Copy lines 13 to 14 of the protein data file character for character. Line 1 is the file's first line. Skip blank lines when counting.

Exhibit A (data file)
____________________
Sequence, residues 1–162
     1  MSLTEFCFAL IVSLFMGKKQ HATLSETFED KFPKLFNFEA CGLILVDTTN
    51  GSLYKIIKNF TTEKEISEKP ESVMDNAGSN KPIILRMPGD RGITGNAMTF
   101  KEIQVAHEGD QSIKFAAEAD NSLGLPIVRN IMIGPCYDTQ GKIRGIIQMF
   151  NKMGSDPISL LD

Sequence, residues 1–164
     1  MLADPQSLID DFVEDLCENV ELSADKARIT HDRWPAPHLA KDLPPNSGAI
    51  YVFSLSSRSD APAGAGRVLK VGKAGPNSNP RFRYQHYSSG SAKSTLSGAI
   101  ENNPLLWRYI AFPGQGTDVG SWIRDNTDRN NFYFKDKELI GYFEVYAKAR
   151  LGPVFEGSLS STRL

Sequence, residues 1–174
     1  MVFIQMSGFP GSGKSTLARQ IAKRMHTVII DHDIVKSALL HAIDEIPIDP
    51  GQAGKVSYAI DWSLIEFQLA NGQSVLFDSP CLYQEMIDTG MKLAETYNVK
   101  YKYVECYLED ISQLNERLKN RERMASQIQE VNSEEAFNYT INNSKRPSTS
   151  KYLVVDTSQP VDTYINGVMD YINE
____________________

    51  GQAGKVSYAI DWSLIEFQLA NGQSVLFDSP CLYQEMIDTG MKLAETYNVK
   101  YKYVECYLED ISQLNERLKN RERMASQIQE VNSEEAFNYT INNSKRPSTS